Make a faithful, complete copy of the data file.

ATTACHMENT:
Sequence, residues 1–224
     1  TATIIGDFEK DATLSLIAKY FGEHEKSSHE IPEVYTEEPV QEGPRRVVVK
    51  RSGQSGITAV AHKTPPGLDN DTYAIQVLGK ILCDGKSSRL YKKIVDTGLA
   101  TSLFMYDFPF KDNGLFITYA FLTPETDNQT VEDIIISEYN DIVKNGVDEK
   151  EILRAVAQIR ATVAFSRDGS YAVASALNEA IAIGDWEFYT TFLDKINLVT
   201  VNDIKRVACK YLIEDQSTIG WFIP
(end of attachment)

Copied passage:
Sequence, residues 1–224
     1  TATIIGDFEK DATLSLIAKY FGEHEKSSHE IPEVYTEEPV QEGPRRVVVK
    51  RSGQSGITAV AHKTPPGLDN DTYAIQVLGK ILCDGKSSRL YKKIVDTGLA
   101  TSLFMYDFPF KDNGLFITYA FLTPETDNQT VEDIIISEYN DIVKNGVDEK
   151  EILRAVAQIR ATVAFSRDGS YAVASALNEA IAIGDWEFYT TFLDKINLVT
   201  VNDIKRVACK YLIEDQSTIG WFIP